Second because it’s reproducible. Code has become a tremendous communication channel. Your web scraper does not work? Instead of reaching out in a clumsy but wordy cry for help, posting what you tried so far described by source code will often get you good answers within hours on platforms like Stackoverflow or Crossvalidated. Or think of feature requests: After a little code ping pong with the package author your wish eventually becomes clearer. Let alone chats with colleagues and co-authors. Sharing code just works. Academic journals have found that out, too in the meantime. Many outlets require you to make the data and source code behind your work available. Social Science Data Editors is a bleeding edge project at the time of writing this, but is already referred to by top notch journals like American Economic Review (AER).

Third, because it scales and automates. Automation is not only convenient. Like when you want to download data, process and create the same visualization and put it on your website any given Sunday. Automation is inevitable. Like when you have to gather daily updates from different outlets or work through thousands of .pdfs.

Last but not least because of things you couldn’t do w/o being an absolute guru (if at all) if wasn’t for programming. Take visualization. Go, check these D3 Examples. Now, try to do that in Excel. If you do these things in Excel it’d make you an absolute spreadsheet visualization Jedi, probably missing out on other time consuming skills to master. Moral of the story is, with decent, carpentry level programming skills – that’d be the upfront investment – you can already do so many spectular things while not really specializing and staying very flexible.

2.2 How to Read this Book?

Hacking for Social Sciences is written based on the experience of helping students and seasoned researchers of different fields with their data management, processing and communication of results. A part of the book contains the information I wish I had when I started a PhD in economics. Part of the book is written years after said PhD was completed and with the hindsight of 10+ years in academia. Every page of the book is written with the belief that the future is OPEN and it is up to our generation of researchers to shape it.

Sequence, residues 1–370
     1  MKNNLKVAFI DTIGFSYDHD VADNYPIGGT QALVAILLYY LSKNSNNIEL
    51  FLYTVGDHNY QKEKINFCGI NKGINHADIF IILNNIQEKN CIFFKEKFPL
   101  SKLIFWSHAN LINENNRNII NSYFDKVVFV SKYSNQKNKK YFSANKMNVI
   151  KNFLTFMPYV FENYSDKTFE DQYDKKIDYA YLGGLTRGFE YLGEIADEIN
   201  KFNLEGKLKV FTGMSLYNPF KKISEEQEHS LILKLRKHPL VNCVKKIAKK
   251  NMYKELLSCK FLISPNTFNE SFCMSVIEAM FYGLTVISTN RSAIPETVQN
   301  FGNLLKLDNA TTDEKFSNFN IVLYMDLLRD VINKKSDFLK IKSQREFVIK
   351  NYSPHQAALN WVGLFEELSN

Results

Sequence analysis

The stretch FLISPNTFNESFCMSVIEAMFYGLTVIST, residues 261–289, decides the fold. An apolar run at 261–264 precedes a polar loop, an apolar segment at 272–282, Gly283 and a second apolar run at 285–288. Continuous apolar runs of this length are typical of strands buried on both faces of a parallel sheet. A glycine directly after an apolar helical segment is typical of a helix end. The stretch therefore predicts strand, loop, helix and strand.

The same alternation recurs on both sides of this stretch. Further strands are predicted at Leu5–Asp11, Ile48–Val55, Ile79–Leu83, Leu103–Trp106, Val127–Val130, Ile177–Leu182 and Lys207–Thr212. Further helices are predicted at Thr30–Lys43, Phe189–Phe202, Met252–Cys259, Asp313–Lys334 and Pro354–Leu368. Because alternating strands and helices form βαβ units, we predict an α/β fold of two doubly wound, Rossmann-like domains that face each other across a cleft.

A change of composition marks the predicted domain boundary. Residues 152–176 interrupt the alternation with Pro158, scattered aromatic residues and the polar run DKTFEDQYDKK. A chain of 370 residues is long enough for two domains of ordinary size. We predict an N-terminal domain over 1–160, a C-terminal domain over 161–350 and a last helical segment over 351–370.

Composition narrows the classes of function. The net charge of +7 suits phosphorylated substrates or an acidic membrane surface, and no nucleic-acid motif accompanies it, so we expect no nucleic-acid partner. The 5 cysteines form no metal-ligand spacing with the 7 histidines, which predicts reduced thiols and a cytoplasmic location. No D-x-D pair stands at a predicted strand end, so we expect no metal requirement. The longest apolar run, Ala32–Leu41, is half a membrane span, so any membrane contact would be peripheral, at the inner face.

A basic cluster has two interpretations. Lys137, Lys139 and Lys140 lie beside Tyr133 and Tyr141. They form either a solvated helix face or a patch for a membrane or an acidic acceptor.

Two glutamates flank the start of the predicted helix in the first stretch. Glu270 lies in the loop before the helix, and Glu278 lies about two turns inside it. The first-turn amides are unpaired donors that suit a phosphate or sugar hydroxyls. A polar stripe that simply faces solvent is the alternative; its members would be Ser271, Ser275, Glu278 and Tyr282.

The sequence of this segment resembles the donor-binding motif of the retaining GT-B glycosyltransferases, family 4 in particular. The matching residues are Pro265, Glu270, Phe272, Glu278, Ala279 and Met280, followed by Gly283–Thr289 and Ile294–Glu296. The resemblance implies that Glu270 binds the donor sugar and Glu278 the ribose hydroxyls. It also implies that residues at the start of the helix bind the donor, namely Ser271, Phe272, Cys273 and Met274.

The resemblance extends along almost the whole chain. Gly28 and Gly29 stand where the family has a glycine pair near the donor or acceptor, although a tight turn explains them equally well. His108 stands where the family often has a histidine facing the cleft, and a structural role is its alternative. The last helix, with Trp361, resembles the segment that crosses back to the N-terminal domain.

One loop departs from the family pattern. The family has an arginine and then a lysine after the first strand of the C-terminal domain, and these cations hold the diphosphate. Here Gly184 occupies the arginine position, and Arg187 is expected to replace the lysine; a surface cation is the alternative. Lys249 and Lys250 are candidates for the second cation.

“The ministry warns: The future is open,” taken from a 2020 ad campaign on Open Access by the German ministry for education and research (pdf).

If you came to cherry pick, you’re welcome, too.

2.3 Requirements - What You Need to Know to Make the Most of This Book

Though the book offers many entry points to the reader and strives to make advanced considerations accessible, certain prior knowledge will provide readers with a kickstart and help avoid frustration. Prior experience with a scripting language such as the R Language for Statistical Computing, Python or Javascript as well as familiarity with console / terminal basics will help you leverage the book.

Though Programming with data does contain its share of easy to follow introductory examples, there are definitely better resources for a systematic introduction to any of the scripting languages mentioned above. That is

does not intend to be a systematic introduction to R or Python.

There is so much good material out there already

(because 1) there is so much good material out there already 2) )